Given the nature of Hollywood Handbook, it’s hard to know how much of Shore’s belligerence is sincere and how much of it is part of it is an act, but Hayes and Sean’s faux-assholery clashes violently and fascinatingly with what appears to be Shore’s genuine anger and raging jerkiness. Shore and the hosts seem to be operating at cross purposes. The arrogance and the deep confusion Shore expresses throughout the interview, the sense that he’s done too much for too long to have to participate in this kind of nonsense, all feel deeply real and organic; it’s the grudging attempts at humor that feel wan and insincere.
After a tone-deaf reference by Shore to not wanting to cause “African-American” riots like the ones in Ferguson (the intensity of which causes Shore to girlishly squeal, “oh my god”) comes the dark heart of the episode. When one of the hosts utters Shore’s catchphrase of “Weas the Jew-Oos” with what Shore decides is an inappropriate, overly feminine inflection that makes him sound, like, in Shore’s immortal words, “a fucking homo, dude,” Shore angrily insists “That’s not how you do it” before illustrating the appropriate, sufficiently masculine way to say “Weas the Juice.”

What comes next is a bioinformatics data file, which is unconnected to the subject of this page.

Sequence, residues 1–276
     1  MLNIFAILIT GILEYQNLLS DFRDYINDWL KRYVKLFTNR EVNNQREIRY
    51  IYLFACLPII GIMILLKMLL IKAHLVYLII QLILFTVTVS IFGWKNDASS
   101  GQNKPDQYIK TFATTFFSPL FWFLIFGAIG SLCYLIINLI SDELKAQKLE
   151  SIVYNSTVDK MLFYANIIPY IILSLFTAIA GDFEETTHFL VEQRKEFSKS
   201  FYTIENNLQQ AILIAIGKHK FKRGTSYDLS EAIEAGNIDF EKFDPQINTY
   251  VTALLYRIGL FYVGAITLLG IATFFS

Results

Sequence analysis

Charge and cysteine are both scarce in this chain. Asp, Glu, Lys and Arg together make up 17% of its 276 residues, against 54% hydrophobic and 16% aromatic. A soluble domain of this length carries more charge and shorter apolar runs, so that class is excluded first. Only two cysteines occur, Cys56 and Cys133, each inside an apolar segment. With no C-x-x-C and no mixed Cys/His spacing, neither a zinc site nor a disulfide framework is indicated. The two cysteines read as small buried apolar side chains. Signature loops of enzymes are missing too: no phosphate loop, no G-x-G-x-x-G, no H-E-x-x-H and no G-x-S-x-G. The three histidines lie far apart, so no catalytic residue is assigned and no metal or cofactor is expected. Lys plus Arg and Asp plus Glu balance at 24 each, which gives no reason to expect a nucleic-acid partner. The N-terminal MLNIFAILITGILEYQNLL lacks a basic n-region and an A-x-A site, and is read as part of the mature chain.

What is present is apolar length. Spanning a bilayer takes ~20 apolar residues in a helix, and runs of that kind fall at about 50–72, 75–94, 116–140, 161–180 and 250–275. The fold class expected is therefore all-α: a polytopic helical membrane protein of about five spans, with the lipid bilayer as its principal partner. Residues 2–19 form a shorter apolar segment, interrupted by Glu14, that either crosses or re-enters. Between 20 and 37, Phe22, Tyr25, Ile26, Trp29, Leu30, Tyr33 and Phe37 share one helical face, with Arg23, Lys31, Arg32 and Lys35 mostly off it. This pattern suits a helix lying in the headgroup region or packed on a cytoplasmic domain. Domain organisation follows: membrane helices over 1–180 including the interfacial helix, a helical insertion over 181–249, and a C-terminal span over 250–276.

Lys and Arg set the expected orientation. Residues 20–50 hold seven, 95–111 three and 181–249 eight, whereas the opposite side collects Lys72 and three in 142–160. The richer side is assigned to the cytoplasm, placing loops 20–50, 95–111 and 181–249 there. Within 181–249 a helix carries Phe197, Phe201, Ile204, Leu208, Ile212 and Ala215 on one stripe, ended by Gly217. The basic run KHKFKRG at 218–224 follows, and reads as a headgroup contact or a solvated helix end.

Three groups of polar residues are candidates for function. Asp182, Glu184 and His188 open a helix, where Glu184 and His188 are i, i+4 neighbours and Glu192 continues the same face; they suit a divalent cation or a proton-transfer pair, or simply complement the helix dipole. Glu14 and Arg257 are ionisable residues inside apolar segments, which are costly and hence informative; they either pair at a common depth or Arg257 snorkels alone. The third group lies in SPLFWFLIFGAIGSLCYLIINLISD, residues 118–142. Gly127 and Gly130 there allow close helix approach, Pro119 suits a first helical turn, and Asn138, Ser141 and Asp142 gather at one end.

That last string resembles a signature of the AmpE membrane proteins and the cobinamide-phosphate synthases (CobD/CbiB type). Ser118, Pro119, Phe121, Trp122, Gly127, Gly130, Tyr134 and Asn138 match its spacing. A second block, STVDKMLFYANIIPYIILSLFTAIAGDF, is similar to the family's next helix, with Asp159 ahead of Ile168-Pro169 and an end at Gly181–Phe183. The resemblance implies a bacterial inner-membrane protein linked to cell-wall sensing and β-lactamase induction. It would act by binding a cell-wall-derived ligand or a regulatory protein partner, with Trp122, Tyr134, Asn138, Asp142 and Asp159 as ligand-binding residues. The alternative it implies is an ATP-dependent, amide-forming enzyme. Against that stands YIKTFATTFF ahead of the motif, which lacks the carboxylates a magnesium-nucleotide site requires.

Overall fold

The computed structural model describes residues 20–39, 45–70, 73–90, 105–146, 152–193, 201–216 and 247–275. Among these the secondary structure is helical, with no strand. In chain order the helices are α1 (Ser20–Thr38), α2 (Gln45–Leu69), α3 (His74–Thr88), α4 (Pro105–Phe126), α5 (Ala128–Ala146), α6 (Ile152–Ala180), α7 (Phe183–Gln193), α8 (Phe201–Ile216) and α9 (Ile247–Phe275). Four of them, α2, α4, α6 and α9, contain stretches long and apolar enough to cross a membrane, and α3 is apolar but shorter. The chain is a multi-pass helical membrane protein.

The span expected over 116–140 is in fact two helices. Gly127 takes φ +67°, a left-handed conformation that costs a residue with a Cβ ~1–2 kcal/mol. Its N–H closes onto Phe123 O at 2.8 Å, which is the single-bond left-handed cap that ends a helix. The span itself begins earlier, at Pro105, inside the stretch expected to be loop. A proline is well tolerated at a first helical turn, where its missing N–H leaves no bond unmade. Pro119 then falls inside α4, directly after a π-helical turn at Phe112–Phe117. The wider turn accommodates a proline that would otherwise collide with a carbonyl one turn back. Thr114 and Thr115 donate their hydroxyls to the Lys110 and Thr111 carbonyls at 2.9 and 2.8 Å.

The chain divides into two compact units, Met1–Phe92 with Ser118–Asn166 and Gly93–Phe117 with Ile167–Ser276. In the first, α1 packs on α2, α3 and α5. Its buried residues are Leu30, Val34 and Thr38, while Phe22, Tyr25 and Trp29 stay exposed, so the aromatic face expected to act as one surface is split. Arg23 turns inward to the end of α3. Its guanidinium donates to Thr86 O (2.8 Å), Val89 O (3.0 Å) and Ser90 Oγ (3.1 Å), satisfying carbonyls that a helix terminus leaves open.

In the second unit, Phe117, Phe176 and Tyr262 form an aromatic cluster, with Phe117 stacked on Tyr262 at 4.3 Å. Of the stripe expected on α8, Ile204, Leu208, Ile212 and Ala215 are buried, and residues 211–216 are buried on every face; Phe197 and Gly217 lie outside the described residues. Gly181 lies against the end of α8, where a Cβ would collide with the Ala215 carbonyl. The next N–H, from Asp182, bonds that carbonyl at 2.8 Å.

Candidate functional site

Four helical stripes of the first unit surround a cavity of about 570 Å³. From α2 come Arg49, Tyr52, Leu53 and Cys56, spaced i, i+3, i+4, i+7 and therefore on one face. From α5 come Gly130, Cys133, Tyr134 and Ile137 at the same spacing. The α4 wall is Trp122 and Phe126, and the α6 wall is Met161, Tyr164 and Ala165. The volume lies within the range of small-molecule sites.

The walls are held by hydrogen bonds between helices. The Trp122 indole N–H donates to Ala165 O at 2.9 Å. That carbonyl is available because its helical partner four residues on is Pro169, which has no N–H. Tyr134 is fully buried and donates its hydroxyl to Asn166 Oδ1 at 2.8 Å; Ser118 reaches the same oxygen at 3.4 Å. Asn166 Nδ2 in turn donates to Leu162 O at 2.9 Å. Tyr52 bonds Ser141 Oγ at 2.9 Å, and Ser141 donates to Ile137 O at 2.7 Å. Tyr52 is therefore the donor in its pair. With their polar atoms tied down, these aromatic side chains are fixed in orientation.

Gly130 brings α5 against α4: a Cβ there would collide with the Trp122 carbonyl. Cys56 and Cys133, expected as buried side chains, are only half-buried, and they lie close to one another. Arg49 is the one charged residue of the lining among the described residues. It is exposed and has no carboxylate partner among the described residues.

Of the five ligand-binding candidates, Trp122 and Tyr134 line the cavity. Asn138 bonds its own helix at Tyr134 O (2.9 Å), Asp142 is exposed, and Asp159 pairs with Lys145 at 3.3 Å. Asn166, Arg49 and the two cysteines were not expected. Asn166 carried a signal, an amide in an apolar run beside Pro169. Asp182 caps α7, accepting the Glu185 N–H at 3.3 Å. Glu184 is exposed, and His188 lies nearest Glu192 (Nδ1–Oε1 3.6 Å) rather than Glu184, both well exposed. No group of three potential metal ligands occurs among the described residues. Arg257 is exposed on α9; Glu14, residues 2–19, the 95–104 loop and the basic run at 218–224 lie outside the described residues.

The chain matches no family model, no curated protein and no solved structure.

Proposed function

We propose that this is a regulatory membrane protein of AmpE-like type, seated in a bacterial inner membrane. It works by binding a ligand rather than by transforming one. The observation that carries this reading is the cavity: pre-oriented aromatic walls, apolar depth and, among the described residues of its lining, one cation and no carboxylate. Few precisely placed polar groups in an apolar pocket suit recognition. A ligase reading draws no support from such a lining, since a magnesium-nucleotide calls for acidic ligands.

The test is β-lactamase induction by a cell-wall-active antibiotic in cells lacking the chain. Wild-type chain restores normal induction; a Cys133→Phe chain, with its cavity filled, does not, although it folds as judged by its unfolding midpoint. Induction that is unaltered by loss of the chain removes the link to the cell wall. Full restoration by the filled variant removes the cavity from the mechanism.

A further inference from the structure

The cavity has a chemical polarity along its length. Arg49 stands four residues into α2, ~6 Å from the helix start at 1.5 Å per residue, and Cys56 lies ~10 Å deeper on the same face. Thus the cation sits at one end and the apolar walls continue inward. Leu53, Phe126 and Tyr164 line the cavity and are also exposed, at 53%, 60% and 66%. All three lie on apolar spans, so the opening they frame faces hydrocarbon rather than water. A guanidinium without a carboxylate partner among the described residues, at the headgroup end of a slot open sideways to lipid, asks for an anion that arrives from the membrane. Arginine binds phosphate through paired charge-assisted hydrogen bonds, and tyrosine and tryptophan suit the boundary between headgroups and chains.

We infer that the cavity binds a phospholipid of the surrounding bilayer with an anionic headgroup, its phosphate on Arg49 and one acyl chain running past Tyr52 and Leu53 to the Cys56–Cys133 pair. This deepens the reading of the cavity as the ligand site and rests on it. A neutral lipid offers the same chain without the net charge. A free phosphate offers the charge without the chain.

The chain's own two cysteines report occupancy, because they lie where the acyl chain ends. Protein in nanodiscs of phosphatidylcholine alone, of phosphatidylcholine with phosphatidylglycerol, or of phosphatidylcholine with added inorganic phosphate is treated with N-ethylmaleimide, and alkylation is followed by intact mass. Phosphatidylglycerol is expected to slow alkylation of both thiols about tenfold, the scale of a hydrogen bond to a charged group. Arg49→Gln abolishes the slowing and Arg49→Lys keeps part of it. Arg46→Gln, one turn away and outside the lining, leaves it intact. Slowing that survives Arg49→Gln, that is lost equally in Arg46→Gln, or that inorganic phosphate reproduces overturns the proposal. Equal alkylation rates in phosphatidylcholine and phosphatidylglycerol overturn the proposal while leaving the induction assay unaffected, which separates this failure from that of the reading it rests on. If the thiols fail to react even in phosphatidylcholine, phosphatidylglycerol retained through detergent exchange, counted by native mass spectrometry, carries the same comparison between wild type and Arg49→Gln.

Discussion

If it were a bit, it would be a brilliant one, and it’s undoubtedly tongue-in-cheek on some level, but a lot of weird, genuine anger oozes out. Whether he’s discussing the death of Encino Man 2, thinking back on what a great actor his late Son In Law co-star Lane Smith was, contemplating Andy Dick’s personal and professional travails, or talking about how he needs to financially support his houses since he has no children, Shore comes off as a deluded and faintly tragicomic figure.
The Pauly Shore episode of Hollywood Handbook offers a darkly fascinating jaunt through the sad haunted terrain of Pauly Shore’s melancholy brain but it serves another essential purpose as well: Only by listening to this particular podcast will listeners know the appropriately masculine way to utter Sweet Baby Weas’ catchphrase. And you cannot put a price on knowledge like that, Hollywood insider or not.
Nathan Rabin is the former head writer of The A.V. Club and the author of four books, including Weird Al: The Book (with “Weird Al” Yankovic) and, most recently, You Don’t Know Me But You Don’t Like Me.
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–How Andy Daly’s L. Ron Hubbard Raised the Ridiculousness of Scientology to Hilarious New Heights
–When The Flop House Delightfully Deconstructed the Most Nightmarish Children’s Movie Ever
–The Best Show Hit New Heights of Insane Hilarity with “The Newbridge Mayubinatorial Debate”
–What Made Todd Hanson’s Episode of WTF One of the Most Powerful Podcast Episodes Ever
–The Enduring Power of Harris Wittels’ Final You Made It Weird Appearance
–When James Adomian and Amy Poehler Introduced Nightmare Shock Jock Tom Leykis to Comedy Bang Bang
–When Paul F. Tompkins Powerfully Opened Up on The Mental Illness Happy Hour